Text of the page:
10,000 Years Institute - scientific research for natural resource management from Seattle, WA to Lake Baikal, Russia.
10,000 Years Institute - scientific research for natural resource management from Seattle, WA to Lake Baikal, Russia.
Studying the Impact of Forest Practices on Groundwater Heat Transport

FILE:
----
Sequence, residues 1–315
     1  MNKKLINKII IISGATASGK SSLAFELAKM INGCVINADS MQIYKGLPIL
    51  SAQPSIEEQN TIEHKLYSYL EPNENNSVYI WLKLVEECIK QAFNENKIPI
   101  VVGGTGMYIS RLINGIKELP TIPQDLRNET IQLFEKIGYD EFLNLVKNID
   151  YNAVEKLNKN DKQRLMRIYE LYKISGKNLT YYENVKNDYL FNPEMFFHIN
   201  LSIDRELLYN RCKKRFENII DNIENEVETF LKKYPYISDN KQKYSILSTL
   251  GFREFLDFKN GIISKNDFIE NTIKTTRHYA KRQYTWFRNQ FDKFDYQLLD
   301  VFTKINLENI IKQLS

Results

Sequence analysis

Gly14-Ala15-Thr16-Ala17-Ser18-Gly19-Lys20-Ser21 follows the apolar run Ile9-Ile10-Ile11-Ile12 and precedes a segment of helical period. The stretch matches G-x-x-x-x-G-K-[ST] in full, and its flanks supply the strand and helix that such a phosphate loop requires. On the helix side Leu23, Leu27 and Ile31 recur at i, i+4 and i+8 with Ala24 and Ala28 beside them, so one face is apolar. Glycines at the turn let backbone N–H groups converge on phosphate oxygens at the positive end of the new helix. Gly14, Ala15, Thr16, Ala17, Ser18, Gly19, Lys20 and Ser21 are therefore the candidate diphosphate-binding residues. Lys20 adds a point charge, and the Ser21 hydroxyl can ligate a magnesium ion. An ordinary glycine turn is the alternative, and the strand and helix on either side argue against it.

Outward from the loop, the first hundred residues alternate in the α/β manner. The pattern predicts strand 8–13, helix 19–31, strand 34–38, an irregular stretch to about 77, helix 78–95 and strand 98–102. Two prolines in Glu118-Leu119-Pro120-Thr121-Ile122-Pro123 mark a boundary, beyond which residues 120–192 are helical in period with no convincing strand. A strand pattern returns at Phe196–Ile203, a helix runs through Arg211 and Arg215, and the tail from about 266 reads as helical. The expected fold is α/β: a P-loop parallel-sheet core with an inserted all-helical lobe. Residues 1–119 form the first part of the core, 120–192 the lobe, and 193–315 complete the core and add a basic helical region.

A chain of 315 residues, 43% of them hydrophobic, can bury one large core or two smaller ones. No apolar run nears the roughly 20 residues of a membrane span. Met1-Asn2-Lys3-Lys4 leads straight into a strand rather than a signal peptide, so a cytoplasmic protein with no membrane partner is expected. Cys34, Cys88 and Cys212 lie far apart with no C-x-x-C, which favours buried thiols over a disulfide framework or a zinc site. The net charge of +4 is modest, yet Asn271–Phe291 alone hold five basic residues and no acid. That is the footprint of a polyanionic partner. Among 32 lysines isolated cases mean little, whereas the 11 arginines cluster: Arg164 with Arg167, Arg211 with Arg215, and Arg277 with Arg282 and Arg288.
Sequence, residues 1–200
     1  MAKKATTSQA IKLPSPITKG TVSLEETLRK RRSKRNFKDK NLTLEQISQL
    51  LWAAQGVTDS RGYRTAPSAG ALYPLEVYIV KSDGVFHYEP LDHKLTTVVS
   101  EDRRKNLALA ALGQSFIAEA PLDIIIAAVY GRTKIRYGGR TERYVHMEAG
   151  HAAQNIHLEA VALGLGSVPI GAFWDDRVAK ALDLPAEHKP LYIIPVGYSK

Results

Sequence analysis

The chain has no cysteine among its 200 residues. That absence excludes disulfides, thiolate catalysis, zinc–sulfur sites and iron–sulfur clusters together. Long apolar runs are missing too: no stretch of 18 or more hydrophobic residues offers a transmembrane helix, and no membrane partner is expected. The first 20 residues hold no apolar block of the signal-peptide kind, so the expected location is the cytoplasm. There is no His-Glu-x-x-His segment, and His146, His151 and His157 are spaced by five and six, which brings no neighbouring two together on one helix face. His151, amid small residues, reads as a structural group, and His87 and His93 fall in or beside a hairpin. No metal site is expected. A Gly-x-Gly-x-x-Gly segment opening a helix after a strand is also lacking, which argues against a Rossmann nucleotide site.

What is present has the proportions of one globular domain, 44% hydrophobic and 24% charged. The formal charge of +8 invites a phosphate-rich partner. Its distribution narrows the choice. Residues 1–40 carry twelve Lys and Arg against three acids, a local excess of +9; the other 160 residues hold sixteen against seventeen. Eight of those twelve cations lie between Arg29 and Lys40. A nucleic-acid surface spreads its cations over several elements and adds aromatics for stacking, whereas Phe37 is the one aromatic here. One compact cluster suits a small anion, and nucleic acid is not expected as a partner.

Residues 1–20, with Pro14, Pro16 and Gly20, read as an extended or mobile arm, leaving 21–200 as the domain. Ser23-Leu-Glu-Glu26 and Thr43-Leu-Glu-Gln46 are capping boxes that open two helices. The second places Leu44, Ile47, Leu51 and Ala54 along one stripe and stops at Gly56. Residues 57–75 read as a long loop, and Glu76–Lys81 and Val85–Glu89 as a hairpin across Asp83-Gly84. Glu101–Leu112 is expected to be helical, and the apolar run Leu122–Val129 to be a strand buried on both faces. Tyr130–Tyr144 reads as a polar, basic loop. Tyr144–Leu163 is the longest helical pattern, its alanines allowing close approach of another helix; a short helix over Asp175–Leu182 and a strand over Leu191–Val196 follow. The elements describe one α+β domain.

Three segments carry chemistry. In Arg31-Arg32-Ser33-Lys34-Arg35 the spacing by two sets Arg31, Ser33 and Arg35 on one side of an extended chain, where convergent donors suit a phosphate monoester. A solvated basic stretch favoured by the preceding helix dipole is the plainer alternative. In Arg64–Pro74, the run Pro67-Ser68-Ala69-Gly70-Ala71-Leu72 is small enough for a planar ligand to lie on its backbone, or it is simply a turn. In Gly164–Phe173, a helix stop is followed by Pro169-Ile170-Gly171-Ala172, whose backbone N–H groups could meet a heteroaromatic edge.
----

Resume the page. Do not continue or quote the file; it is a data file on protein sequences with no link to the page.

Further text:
Riparian shading of streams is recognized as an important component of a healthy thermal regime, but the role of forest shading in maintaining groundwater temperatures has received much less attention. The primary objectives of this study are to determine if forest management practices influence groundwater temperature, and if so, whether these changes in turn can affect stream temperatures. 10,000 Years Institute, in partnership with the Hoh tribe and the Pacific Watershed Institute, used Forward Looking Infrared technology (FLIR), aerial photographs, wetlands inventory, soil maps and field reconnaissance to identify areas of groundwater recharge and discharge to streams in the Hoh River watershed. Three study sites were chosen: two from managed forestlands including a recent clear-cut and a mature second growth stand as the control. An unmanaged old growth forest site was chosen as the reference site. Instrumentation was installed in 2001, establishing ground and surface water networks to continuously monitor water levels and temperatures in the stream, soil, groundwater and air of each site. Preliminary results indicate that there are significant groundwater, stream soil and air temperature differences between harvested sites and control and reference sites. Click here for a link to a 2005 presentation on the results of the first five years of monitoring: http://www.swwrc.wsu.edu/conference2005/proceedings/Nov_2/Session%201/olson.p-ppt.pdf.